Patents: A General Overview
What is a Patent?
When you create a new invention, you may register it as a patent to obtain the exclusive right to make, use, sell, or offer to sale, or import the invention you patented for a period of 20 years from the date of your patent application. This means that you and only you are allowed to use your invention and no one else, unless they have your permission. For your invention to qualify for a patent, your invention must be:
You must file your patent application with the United States Patent and Trademark Office (USPTO). Your application must include:
Specification – written description that is sufficient to enable a person who has ordinary skill in the art to practice the invention
Claims – define in legal language what you think the scope of your invention is
Best known mode for carrying out the invention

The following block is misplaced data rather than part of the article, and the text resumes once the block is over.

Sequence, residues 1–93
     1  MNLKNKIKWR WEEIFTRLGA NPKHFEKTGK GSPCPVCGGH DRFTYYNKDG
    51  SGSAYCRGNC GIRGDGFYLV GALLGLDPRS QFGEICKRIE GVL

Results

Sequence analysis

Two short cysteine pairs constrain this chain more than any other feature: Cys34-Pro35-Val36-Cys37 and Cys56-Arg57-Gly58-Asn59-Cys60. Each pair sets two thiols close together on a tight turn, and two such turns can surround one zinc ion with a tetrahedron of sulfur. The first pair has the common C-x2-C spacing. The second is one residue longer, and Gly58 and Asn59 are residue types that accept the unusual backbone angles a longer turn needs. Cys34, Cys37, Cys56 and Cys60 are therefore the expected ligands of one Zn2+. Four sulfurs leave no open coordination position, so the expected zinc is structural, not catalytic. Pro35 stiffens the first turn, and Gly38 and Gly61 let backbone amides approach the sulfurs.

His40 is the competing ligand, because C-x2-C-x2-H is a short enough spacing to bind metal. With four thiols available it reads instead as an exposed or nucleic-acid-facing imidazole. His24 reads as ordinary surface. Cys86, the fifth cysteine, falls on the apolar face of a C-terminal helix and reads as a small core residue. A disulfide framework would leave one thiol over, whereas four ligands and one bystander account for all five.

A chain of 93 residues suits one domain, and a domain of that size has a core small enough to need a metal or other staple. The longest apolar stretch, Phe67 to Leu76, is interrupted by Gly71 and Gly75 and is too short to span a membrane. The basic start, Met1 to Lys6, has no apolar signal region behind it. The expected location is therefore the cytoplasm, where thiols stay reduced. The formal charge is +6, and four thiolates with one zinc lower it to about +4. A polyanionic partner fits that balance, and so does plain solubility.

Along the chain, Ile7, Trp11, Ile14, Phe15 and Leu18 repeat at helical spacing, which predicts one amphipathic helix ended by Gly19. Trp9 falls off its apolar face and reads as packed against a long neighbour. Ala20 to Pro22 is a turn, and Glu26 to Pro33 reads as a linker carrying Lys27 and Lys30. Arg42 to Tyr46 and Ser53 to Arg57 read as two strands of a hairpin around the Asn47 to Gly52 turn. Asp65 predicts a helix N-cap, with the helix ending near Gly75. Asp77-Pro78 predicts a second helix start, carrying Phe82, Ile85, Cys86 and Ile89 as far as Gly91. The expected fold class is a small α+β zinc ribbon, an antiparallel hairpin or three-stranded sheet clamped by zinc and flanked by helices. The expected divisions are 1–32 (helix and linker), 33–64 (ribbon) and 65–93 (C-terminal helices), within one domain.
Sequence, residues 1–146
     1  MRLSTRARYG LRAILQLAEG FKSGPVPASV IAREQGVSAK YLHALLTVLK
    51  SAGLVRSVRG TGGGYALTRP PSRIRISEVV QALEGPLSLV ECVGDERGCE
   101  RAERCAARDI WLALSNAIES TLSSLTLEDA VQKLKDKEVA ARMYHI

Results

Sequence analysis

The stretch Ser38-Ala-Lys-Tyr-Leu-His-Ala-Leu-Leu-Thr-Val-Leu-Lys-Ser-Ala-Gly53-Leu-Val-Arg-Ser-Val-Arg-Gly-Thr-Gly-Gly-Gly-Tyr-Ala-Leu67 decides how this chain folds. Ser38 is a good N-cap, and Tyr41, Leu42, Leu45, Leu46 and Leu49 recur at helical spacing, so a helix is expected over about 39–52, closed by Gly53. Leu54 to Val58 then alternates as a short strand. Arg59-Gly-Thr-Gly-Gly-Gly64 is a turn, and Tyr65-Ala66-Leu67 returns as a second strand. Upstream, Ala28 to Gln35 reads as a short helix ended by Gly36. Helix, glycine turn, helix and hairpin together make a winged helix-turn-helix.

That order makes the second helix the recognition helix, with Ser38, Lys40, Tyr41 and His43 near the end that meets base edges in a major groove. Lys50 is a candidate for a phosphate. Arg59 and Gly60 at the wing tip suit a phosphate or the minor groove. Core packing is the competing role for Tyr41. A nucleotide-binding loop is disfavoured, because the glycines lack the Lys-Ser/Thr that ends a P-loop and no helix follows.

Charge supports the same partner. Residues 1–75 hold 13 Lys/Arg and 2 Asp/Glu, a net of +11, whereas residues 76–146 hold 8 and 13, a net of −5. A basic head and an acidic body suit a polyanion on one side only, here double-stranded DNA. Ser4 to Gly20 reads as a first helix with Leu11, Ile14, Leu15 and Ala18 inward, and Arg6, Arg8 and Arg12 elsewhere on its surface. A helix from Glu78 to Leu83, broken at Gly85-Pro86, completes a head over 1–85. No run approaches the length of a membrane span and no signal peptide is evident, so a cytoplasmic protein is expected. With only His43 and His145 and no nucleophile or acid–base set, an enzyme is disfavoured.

What Can You Patent?
Any new and useful process, machine, manufacture, or composition of matter
In other words, it includes anything under the sun made by humankind
Genetically engineered genes
What Can You Not Patent?
There are certain things that are not patentable in the abstract, which are:
Laws of nature
Products of nature
Mathematical formulas or algorithms
Abstract scientific principles are not patentable, but rather it is the application of those principles to solve particular problems that are patentable. If you add something new to an abstract idea that it becomes novel, then your invention may qualify for a patent. For example, a business method implemented by a software can be patentable if the patent is not for the business method itself, but for the software executing the business method. However, keep in mind that your invention will not automatically qualify as a patent just because it is on a computer.
*The above article is for general informational purposes only and should not be taken as legal advice. Please contact a business lawyer to find out how any information here applies to your particular circumstances.